Rerai Laobutsri, 39, suspected someone committed voting fraud under his name.
“I want justice. I’m born here, and I work here … I want to exercise my right to vote,” Rerai told reporters.
A police officer said he has asked election officials to file a criminal complaint to local police so they can investigate the case and find the perpetrators.
He was not allowed to cast a ballot.
Ethnic Karens line up to vote on Thailand’s northern edge, in Tak province. Officials say nearly 100 percent of the Karen community registered to vote there have already cast their ballots.
More VIPs showed up to vote, from politicians and actors to famous sportsmen.
Phalang Pracharath leader Uttama Savanayana.
Pheu Thai prime minister candidate Sudarat Keyuraphan.
Democrat chairman Abhisit Vejjajiva
Chart Pattana leader Suwat Liptapanlop
Badminton champion Ratchanok “May” Intanon
Deputy police commissioner Srivara Ransibrahmanakul and his daughter
Superstar actress Urassaya “Yaya” Sperbund
Celeb actor Nadech Kugimiya
Thai football legend Kiatisuk “Zico” Senamuang
Transparency gadfly Srisuwan Janya, with his signature finger-pointing
A former local administrator Surapol Polchim rode his horse Sam to a polling station in Nakhon Ratchasima’s Phimai district before casting his ballot.
“I’d like to encourage everyone to practice their rights in this election,” he said.
Surapol added that he wanted Sam with him on Election Day as he used to ride him to patrol his neighborhood while he was working at the office.
A blind voter is escorted to a polling station in Udon Thani. Special ballot papers printed in Braille are handed out to blind voters. They can also choose to have an official at the booths to mark the ballots on their behalf.
Police say they have arrested two men involved in a voting-buying scheme west of Bangkok in Nakhon Pathom. According to police, one suspect is a kamnan, or local administrator, named Charn Homprong. They said he was found with up to 16,000 baht in cash and a list of voters he had paid.
Another was a top district official named Kampol Permpoon, who was reportedly arrested with 2,000 baht in cash.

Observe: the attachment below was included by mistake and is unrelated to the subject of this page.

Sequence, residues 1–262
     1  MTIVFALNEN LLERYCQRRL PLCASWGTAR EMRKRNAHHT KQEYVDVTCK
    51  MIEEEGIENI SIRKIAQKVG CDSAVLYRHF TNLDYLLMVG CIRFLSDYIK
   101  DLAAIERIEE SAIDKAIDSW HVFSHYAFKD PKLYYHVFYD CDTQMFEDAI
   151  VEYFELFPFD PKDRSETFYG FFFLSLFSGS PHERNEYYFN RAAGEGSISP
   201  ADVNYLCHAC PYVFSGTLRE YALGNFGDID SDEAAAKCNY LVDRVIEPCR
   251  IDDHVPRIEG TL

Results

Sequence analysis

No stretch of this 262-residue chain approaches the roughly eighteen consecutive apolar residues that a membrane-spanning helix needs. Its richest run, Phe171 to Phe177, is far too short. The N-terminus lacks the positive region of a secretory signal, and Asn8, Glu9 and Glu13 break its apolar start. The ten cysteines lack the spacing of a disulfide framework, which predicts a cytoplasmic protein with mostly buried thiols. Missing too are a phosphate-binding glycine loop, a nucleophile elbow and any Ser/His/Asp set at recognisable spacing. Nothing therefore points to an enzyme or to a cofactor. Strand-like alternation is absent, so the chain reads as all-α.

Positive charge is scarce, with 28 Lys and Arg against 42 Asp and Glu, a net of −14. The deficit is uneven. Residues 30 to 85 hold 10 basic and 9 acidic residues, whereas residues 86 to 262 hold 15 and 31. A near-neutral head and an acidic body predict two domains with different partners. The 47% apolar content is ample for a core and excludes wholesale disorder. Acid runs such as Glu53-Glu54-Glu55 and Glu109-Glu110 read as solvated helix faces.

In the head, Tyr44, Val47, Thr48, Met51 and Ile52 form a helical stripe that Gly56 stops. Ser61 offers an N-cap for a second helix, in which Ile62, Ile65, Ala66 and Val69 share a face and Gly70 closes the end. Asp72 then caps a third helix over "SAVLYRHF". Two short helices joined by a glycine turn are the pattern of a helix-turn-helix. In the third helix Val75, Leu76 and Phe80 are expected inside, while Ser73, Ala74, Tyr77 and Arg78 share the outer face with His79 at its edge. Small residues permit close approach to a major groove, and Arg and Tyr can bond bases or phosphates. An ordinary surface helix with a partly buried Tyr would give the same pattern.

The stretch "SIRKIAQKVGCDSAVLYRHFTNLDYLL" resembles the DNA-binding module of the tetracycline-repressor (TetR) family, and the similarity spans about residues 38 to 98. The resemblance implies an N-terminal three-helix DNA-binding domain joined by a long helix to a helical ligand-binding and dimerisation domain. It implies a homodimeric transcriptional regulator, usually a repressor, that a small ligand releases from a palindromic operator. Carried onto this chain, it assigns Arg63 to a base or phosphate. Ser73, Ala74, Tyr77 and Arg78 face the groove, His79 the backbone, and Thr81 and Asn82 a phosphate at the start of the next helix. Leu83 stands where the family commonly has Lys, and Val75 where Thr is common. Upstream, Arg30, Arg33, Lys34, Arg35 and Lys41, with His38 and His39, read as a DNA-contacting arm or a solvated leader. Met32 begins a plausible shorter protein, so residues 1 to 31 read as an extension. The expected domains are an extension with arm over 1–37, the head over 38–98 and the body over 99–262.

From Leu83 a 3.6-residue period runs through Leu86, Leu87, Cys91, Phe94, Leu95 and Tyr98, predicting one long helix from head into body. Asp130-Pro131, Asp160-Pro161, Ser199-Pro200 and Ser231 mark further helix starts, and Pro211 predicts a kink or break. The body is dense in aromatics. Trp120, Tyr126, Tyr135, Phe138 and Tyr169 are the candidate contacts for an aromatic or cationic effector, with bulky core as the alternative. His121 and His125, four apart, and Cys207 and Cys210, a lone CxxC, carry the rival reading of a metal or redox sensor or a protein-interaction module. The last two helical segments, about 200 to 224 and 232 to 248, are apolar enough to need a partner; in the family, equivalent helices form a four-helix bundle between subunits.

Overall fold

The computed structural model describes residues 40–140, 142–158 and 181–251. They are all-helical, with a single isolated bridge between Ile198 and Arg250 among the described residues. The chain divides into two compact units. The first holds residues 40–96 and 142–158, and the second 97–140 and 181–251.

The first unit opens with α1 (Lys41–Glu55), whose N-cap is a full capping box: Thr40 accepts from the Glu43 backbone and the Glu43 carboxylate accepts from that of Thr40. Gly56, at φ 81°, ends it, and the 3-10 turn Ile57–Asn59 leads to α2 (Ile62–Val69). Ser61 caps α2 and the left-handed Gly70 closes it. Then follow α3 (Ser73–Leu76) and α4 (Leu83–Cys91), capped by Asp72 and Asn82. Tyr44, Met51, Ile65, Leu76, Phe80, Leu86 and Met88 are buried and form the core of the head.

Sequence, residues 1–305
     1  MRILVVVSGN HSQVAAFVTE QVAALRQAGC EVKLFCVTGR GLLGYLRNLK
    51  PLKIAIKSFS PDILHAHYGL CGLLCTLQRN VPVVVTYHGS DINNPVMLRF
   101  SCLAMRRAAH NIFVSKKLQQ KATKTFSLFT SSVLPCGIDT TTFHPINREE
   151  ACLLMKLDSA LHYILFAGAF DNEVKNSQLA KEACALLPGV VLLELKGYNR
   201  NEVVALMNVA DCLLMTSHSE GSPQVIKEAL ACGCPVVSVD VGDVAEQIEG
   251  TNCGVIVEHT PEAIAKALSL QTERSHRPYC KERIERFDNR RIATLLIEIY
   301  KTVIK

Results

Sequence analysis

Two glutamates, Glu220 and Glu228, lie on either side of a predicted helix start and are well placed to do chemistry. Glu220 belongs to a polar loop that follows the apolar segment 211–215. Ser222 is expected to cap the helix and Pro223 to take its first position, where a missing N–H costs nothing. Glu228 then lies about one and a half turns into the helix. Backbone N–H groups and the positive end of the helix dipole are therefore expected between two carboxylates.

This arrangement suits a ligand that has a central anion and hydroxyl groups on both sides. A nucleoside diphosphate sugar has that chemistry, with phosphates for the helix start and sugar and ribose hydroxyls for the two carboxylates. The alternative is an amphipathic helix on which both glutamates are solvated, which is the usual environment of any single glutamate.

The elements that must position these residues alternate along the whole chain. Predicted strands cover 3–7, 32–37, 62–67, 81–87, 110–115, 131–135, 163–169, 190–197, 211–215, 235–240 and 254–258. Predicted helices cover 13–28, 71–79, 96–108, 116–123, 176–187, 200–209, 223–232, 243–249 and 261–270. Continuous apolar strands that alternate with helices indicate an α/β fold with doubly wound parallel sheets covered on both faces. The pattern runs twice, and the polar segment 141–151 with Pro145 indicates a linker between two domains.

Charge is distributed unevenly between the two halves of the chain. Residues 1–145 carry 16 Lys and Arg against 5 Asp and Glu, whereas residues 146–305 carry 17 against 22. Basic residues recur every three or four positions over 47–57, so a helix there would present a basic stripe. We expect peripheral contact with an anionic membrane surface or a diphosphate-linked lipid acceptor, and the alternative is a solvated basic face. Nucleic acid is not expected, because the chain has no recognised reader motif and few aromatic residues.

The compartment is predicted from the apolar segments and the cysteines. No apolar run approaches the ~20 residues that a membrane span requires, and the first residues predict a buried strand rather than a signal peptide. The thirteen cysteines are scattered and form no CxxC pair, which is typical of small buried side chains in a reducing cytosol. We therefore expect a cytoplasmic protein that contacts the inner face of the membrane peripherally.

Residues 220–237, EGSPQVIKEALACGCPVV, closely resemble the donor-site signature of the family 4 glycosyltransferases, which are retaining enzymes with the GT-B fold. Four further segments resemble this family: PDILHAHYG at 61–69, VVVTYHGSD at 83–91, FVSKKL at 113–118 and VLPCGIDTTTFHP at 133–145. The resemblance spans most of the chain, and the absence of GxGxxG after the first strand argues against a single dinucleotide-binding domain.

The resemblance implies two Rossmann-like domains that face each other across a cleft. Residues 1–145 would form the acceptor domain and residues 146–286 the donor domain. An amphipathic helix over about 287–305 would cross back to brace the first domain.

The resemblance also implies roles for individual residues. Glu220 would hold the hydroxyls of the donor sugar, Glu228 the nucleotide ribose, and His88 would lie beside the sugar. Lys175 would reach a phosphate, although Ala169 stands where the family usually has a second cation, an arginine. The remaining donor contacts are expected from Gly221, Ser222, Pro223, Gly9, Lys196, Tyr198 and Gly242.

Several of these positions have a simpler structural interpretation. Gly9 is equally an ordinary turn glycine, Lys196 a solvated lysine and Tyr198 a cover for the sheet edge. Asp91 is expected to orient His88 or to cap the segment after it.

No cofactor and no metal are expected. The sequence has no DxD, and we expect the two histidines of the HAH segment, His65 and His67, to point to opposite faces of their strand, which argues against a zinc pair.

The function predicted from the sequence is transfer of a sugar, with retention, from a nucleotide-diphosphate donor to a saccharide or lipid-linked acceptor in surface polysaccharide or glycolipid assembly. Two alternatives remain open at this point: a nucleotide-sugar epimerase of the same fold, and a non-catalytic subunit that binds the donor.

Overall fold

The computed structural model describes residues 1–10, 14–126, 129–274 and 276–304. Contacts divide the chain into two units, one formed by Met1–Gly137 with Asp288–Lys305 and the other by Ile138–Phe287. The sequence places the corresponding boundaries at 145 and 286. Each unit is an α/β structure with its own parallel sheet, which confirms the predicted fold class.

Both denied all allegations, police said, without identifying which party they were allegedly affiliated with.
A veteran election observer, who asked not to be named because he was not authorized to speak to the media, said some voters were unaware they needed to mark an “X” on the ballot for it to be valid. The observer added that some provided pens reportedly didn’t work.
Road accidents in Thailand are so prevalent that even polling stations aren’t immune. A car crashed into one such venue in Ratchaburi province this morning, injuring several voters.
Wachara Petchkruea, 27, said he was approaching a curve close to the polling station when he skid off it, struck a motorcycle and crashed into the voting venue. Police promptly arrested him and charged him with reckless driving resulting in injuries. Voting resumed immediately after the incident.
Lamphun city police said a man has been arrested and charged with destroying a ballot. The police said the man was drunk and tore the ballot as he was in a quarrel with local election workers after he couldn’t find the number of the party he wanted to vote for.
The first major voting irregularity was reported in Korat. A voter posted online that officials had covered up a profile of Future Forward’s candidate at the polling station, saying she had been “disqualified.” In fact, no disqualification took place.
The claim could not be independently verified.
The alleged incident came a day after pro-junta Facebook pages spread rumors that party leader Thanathorn Juangroongruangkij was barred from the race because he owned shares in the media. Thanathorn later posted that the news was not true, since he already gave up all his shares months ago.
เขตเลือกตั้งที่ 3 หน่วยเลือกตั้ง บ.น้ำเมา ต.ลาดบัวขาว อ.สีคิ้ว จ.นครราชสีมา เจ้าหน้าที่ประจำหน่วยเลือกตั้ง…